Isn’t it wonderful?


He was smiling under the stern look to his eyes. She had her mouth opened slightly, and not a word was coming out.

As the minutes passed, he wanted to give her all the time in the world, though he knew he couldn’t. His hand reached in and found a botched hourglass in his oversized coat pocket. It had three supportive wooden twigs, expertly carved with imminent detail that boggled the mind, and a flowing stream of sand that could never leave the glass chamber, because the curve was too narrow at the junction. He’d spent hours, maybe days, just looking at the thing. He thought about it a lot, and he thought it was wonderful. He held it in one hand, as if it was a delicate nestling whose wing he was afraid to break as he presented it to her.


Isn’t it wonderful?


And he closed his eyes and pictured her smiling back. He saw her hand reaching out and feeling the sleek glass and he let go, because she could have it all, if she wished. As he kept his eyes shut, he tried to ignore the sound of it shattering on the cold hard ground. He thought he really felt her there, if only for just a moment, and he didn’t want to open his eyes again, for he knew she’d be gone, because she was never truly there.

And in his mind he recalled that night panting by her bed, the unnaturally cold grip of her little hand and he heard her once again whisper with her last breath;


“I want you to open your eyes,

isn’t it wonderful?”

Short story

Blue towel

There were so many things on Jared’s shelf. Books mostly, but also other things. It was formed like a level in jump man. A slight slope assured that the books would never topple, but lean on each other for support. You could trace the lines across titles and colours, every one containing a world in itself. The words became letters and the letters a blurry mess. He pictured the little red and blue character running along, dodging dangerous barrels by jumping over them. Each hole in the line of books was a ladder to the next floor. A bookend here and a seashell there. There were so many things on Jared’s shelf.

Jared’s carpet was large and greenish purple. An ugly thing really, but he kept it nonetheless. He wasn’t sure why, but whenever he went looking for a new one, the damned thing seemed to stop him. It whispered to him softly and spoke of nothing but always had a lot to say.

His friends were always telling him “Jared why don’t you rid yourself of that carpet. You never liked it anyway.” And he nodded and agreed and went shopping with them. Ikea monday, a local shop thursday and sunday, he went online and searched. The hunt went on and he saw more game than most, but as long as he had that old rug, he knew he couldn’t pull the trigger. It just wasn’t right. And he told his friends how he felt and they nodded and mumbled “Yeah” and “Okay” and the bunch agreed that he was doing the right thing and getting a new carpet with the old one still there just wasn’t right.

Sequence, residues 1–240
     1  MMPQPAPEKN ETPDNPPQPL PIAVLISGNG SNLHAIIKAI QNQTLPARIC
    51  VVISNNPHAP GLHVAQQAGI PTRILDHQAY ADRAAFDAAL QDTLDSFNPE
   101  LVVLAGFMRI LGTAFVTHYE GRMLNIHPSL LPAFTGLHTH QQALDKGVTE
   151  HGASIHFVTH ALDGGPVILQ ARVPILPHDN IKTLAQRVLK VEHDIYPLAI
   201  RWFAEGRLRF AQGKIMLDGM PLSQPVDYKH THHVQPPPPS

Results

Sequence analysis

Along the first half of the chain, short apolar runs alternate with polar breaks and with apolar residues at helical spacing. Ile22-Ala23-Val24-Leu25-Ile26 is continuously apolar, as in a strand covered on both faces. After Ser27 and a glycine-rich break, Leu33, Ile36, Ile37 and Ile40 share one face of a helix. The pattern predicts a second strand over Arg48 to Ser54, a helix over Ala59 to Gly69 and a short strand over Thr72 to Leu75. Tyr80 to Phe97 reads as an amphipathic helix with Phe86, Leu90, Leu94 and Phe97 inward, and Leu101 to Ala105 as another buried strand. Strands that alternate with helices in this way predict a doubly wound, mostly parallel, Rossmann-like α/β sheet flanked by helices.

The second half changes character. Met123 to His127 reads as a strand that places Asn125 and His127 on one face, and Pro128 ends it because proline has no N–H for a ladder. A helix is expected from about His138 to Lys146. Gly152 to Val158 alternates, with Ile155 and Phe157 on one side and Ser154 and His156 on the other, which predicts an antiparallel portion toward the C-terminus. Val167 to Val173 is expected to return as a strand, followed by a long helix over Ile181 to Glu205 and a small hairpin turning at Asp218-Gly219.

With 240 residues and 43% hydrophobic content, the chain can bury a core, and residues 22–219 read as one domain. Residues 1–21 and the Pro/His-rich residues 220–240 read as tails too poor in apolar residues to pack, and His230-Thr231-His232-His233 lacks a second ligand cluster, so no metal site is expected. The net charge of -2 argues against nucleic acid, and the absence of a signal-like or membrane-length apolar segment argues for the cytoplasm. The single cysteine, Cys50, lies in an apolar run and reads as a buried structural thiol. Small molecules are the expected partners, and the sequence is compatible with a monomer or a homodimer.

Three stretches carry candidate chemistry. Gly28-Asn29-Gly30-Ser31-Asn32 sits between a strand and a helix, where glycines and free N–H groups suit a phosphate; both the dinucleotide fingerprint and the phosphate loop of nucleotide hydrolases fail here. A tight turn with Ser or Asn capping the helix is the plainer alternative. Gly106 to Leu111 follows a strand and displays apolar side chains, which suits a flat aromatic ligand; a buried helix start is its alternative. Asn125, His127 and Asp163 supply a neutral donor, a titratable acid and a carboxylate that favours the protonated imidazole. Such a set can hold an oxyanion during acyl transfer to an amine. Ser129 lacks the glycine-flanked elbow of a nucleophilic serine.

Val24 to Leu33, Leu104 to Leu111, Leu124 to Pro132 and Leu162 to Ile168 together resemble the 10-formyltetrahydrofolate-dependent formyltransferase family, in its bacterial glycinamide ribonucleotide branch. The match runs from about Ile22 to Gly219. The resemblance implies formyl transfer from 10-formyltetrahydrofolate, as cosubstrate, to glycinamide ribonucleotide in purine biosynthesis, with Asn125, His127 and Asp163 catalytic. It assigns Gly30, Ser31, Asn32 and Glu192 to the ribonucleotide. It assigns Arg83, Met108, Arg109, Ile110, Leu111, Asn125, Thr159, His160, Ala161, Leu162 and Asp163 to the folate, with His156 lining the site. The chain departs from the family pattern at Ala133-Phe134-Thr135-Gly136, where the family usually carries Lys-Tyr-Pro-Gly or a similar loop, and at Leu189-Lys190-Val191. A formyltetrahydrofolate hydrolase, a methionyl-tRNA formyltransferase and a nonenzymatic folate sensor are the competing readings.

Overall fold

Jared never liked his greenish purple footwarmer, which seemed to be the only real purpose there was left to it. He looked at his shelf and oh, how he loved that shelf, and he pictured the jump man making his way to the princess. He never said a word, because he knew if he did, the rug wouldn’t listen anyways. And it seemed content that way. It chit-chatted about this and that and he thought his ears might soon begin to bleed.

He never thought he’d find anything when he went shopping with his friends. They mostly did it out of routine, and he was just being polite when he said yes to come. One day though, Jared was thunderstruck. Like a bolt of lightning from a clear sky, he fell in love at first sight. In the beach section of a grand warehouse, the most beautiful blue towel lay sprawled carelessly across a folding chair, just waiting to be picked up.

On the way home, the blue towel sat across the passenger’s seat with its top in his lap, moving up and down as he passed bumps in the road. He told it every single little detail of his beloved shelf and he felt dirty, but she felt so good and it felt so right even though it was so wrong.

He had straight forgotten about his old carpet and threw the blue towel eagerly on his bed when he came home. He was unbuttoning his shirt for the night, when he saw it there, still in the room.

It didn’t take many seconds before the soon-to-be refurbished rug was out on the street and he had no business with it anymore. He was pretty sure he heard it yell something along the lines of “Slut!” when he was showing it out, but he shook it off as he had always had a lively imagination.

“Carpets don’t speak,” he reassured himself as he returned to the blue towel waiting for him on the bed…

Short story

Shoes

“I like these new shoes,” he said, baffled.

“The upholstery is black leather,” she pointed out to him.

Already being aware of this, he simply nodded in response.
“I like the soles and the laces. They seem trusty.”

He inspected every inch of the boots with careful precision. They were fine craftsmanship. Every little detail thought out and made by handy fingers. It had to be such a fiddle to get just right.

“The big road outside…” he began

“What about it?” She rested her head in her palm.

“It’s muddy and cold. And there are so many little tiny holes.” He paused, concerned.
               “Won’t they get torn up?”

She looked at him, confused and out of words.
Seeing as she wasn’t saying anything, he thought it best to continue. She might have misheard him.

“It’s just these new shoes are so fine, splendid even, I don’t want to ruin them. I mean by God could you imagine if I went out wearing my brand new precious shoes and stepped in fresh cement… Or worse!?”
He paused for a second and continued by answering his own question.
               “I would shrink to the size of a peanut, my new pride would be all spotted and smudgy. The thought gives me the shivers.”

She smiled. Not in a happy way, not in the way you would if someone told you a joke, and not in a sad way. He didn’t know what to think of this smile. Luckily for him, she finally spoke.

“You know why I tell you to go outside and play every day?”

He shook his head, almost apologetically.

“Because your pride isn’t worth much at all, if you keep it all locked up inside.”